A person has the right to be informed about his or her own state of health by his or her own decision.
Helsingin sanomat newspaper has recently written twice about how people’s interest in their own health and the provision of medical research to citizens without a referral can cause problems (HS Domestic 3.4. and HS Editorial 10.4).
The writings opened up an important debate to which we as diagnostic professionals want to bring our own perspective.
The editorial stated that health care resources are always limited because there are only a certain number of doctors and nurses. Historically, resources have also been scarce.
There is still a shortage, but in many places the situation has changed decisively, especially in diagnostics. For example, Synlab has a lot of unused capacity. It would allow us to take more than 200,000 laboratory samples each year or do 40,000 more magnetic scans without leaving anyone unexamined. Of course, we have a commercial interest in selling capacity, but the decision to buy a study is always made by the customer.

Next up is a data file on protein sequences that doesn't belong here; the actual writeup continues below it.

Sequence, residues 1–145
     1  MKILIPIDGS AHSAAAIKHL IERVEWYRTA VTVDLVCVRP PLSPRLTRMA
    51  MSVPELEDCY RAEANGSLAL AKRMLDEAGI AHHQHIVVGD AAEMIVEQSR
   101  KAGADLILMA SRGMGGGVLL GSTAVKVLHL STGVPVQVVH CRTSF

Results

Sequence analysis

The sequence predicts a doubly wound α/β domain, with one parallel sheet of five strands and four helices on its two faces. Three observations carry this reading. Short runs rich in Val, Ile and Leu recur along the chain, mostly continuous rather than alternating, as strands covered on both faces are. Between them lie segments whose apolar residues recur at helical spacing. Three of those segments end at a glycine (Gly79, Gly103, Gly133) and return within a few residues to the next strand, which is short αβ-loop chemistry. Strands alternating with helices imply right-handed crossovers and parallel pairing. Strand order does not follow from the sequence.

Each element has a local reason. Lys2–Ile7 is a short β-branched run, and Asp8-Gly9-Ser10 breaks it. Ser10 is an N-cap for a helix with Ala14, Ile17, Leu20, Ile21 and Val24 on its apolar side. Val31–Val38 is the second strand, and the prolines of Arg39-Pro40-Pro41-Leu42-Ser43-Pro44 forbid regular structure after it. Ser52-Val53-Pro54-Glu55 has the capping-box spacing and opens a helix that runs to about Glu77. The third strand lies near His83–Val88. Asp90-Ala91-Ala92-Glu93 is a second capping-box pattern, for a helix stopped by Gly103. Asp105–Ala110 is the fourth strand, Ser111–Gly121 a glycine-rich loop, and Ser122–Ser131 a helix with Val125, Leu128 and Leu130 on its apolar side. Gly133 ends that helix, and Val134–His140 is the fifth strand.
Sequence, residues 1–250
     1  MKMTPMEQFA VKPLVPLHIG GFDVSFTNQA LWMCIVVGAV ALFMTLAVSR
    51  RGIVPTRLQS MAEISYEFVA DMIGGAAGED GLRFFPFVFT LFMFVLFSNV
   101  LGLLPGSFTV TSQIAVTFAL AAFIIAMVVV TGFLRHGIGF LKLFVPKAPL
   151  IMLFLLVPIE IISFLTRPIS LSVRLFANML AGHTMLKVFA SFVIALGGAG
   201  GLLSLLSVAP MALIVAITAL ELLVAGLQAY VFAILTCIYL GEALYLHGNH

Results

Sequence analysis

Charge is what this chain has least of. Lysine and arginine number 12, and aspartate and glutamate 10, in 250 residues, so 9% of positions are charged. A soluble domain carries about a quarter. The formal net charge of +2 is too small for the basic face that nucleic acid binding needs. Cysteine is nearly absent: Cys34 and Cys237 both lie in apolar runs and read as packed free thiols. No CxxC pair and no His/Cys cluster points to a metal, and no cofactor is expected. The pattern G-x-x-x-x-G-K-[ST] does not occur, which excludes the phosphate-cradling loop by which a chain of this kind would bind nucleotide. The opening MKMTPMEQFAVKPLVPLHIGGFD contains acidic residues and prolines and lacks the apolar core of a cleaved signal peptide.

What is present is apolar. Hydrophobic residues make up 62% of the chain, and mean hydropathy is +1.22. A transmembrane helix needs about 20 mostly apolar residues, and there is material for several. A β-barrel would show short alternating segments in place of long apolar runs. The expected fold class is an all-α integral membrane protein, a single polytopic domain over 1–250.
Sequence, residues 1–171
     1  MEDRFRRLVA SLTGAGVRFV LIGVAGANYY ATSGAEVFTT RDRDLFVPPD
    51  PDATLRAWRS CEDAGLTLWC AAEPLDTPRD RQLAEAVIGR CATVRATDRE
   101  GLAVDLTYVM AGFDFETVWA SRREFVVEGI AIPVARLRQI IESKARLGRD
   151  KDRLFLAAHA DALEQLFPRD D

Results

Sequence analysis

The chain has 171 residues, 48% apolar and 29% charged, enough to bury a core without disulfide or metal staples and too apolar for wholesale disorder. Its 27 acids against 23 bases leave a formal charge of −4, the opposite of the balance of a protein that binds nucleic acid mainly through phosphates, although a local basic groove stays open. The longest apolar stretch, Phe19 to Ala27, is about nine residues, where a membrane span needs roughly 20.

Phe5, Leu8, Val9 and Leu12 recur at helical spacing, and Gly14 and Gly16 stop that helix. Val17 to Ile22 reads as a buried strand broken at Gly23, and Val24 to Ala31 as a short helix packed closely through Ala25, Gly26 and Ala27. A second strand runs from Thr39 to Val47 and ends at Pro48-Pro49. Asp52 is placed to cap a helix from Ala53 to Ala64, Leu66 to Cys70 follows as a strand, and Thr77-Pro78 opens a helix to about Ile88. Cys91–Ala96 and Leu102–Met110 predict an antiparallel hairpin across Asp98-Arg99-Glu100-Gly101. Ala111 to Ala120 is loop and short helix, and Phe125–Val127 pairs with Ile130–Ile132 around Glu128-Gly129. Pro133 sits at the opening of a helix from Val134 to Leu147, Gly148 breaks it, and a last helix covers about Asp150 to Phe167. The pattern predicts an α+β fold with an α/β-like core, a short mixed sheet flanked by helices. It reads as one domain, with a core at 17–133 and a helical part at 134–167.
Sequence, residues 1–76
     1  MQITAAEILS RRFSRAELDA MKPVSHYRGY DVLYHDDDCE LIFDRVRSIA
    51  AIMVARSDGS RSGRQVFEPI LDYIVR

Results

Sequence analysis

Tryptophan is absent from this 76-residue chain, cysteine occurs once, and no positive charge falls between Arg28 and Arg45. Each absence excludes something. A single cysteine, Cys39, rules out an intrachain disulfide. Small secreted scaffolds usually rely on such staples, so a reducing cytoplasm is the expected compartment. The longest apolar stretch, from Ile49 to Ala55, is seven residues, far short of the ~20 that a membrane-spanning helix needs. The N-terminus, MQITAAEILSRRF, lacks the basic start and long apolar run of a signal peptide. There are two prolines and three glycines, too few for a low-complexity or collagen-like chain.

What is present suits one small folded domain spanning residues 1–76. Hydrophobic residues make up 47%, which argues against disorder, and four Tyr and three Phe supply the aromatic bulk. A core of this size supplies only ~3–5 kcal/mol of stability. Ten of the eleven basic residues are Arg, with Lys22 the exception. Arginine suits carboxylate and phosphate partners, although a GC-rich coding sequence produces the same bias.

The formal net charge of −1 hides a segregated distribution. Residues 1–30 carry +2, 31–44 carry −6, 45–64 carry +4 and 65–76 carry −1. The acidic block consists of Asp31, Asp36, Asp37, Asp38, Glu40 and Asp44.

Thus, there is enough capacity in diagnostics, and the user of the service does not take the research site from anyone else. He does not take any financial resources either, because he pays for his research in full himself.
The editorial stated that “unnecessary” investigations may give rise to undue concerns. Based on our customer feedback, it has been undeniable that people are driven to research specifically by anxiety about lack of information. Conversely, the statement in the editorial: Is it better not to know than to know if the information is a cause for concern? This is an intolerable idea for an individual – so he or she would not have a right to the knowledge of his or her own body, even if he or she bears the cost of the research himself or herself?
In our view, the main issue in this debate is that power is being transferred from experts to individuals. The patient becomes a more active decision-making client.
We believe that a person has the right to be informed about their own state of health by their own decision. The expertise of experts is still needed both in medicine and elsewhere in society, but we believe that the increase in the power and, at the same time, the responsibility of the average citizen is a very favorable and pro-democratic development.
medical director, docent, specialist in clinical microbiology
Director of Service Development, Docent, Specialist in Orthopedics and Traumatology,
Synlab Suomi oy
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